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Watching bats fly at twilight...binoculars? (1 Viewer)

CharleyBird

Well-known member
England
We've moved to Durham and have a pair of bats, presumably pipistrelles, circling the garden every evening.
What, if anything, do you use to watch bats flitting around in the fading light? Something with low magnification and wide FOV?
 

Mono

Hi!
Staff member
Supporter
Europe
You have hit the nail on the head with low magnification. Some 7x50s would be ideal, but make sure they are centre focusing rather than individual focusing marine ones. I'm not sure you will see much detail, the way bats flit and jink about trying to keep one in view maybe challenge enough.
 

CharleyBird

Well-known member
England
Thanks. Getting on the animal is one thing, following the flight (!) depends totally on the insects they're after, and focusing (!!) another thing completely. A few moments of pre-focussed fleeting view out of minutes of trying is the best I've achieved.
However instead of a black thing flitting, I have managed to see a dark brown recognisable bat shape with wings.
So far my 7x42FL with widest FOV and designed for low light are the least unsuitable :D But the little critters make birds like sand martins seem pedestrian.
I just wondered if bat-lovers had found a solution, maybe with a 4/5x magnification instrument, and lots of practice.
 

Farnboro John

Well-known member
Thanks. Getting on the animal is one thing, following the flight (!) depends totally on the insects they're after, and focusing (!!) another thing completely. A few moments of pre-focussed fleeting view out of minutes of trying is the best I've achieved.
However instead of a black thing flitting, I have managed to see a dark brown recognisable bat shape with wings.
So far my 7x42FL with widest FOV and designed for low light are the least unsuitable :D But the little critters make birds like sand martins seem pedestrian.
I just wondered if bat-lovers had found a solution, maybe with a 4/5x magnification instrument, and lots of practice.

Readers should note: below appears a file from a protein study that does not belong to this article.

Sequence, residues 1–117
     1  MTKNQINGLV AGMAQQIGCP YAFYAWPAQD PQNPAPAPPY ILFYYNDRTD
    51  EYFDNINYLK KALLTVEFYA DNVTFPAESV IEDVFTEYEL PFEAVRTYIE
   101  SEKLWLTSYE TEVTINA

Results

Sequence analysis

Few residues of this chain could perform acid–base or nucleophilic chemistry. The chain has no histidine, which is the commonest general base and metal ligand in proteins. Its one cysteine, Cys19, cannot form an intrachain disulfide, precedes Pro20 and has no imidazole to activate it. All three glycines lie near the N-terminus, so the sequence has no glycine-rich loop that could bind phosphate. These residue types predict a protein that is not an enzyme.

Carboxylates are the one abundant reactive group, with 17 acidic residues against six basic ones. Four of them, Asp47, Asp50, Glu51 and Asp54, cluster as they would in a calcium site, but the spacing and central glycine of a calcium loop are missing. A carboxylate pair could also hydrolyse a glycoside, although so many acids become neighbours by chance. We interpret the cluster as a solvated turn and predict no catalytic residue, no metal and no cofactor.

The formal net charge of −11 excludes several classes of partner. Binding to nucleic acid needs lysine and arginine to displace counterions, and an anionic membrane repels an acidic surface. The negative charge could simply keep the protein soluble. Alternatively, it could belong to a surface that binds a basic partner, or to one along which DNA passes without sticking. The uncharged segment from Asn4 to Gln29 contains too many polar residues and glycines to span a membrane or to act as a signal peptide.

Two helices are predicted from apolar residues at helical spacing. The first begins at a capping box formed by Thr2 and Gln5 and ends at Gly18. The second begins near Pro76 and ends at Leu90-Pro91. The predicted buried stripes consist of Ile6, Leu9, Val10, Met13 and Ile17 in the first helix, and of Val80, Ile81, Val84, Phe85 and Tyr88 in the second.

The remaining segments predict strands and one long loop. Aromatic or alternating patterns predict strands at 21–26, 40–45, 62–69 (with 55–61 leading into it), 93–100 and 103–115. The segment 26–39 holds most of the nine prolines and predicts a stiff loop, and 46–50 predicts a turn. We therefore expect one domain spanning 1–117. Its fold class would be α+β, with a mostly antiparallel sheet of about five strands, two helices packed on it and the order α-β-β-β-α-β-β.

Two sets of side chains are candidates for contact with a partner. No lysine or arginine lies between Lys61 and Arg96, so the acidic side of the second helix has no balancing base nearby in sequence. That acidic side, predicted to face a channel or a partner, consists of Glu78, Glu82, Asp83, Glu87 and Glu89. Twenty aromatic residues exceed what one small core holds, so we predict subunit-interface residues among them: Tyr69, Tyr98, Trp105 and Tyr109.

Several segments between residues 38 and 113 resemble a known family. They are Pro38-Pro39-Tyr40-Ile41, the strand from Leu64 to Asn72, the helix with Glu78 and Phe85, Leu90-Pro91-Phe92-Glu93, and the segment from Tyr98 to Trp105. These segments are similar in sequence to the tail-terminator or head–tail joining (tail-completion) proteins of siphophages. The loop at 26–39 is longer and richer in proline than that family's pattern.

No, they are just really difficult!

A few species are easier to watch. Daubenton's Bats skimming water surfaces - the fact that they are mainly manoeuvring in two dimensions reduces the problem. One of my local pub/restaurants has a millpond where you can watch these with a pint - it works for me! (NB the bats don't skim the pint.) Noctules high over fields and woods are easy to follow a lot of the time. Most of the others are hard and bare eyes are best.

People trying to photograph bats generally limit the bats options by using extant choke points or creating their own e.g. by stringing all of a garden pond except the pathway the photographer wants the bat to follow. Then they use a motion sensor or beam-break trigger so the bat is in just the right place. Not really watching though.....

Low mag night vision works - 1X to 3X gives a wide enough FOV for most purposes. If it hasn't got a near-IR light, forget it.

John
 

Hauksen

Forum member
Hi John,

No, they are just really difficult!

I'd like to point out that when you're able to pick your point of view, increasing the viewing distance might make things easier.

Far off, both the angular velocity of the bats in your field of view and the influence of distance changes are reduced, and while the bats are smaller in the field of view, that might still be as good as being closer and using lower-magnification binoculars.

Regards,

Henning
 

Farnboro John

Well-known member
Hi John,



I'd like to point out that when you're able to pick your point of view, increasing the viewing distance might make things easier.

Far off, both the angular velocity of the bats in your field of view and the influence of distance changes are reduced, and while the bats are smaller in the field of view, that might still be as good as being closer and using lower-magnification binoculars.

Regards,

Henning
Yes, and that's the point I was making by mentioning Noctules and to an extent Daubs. However, many of the other bats feed in close environments and can be difficult to get a long sight-line to. Bats' manoeuvrability compounds the problem as they change direction in a microsecond.

John
 

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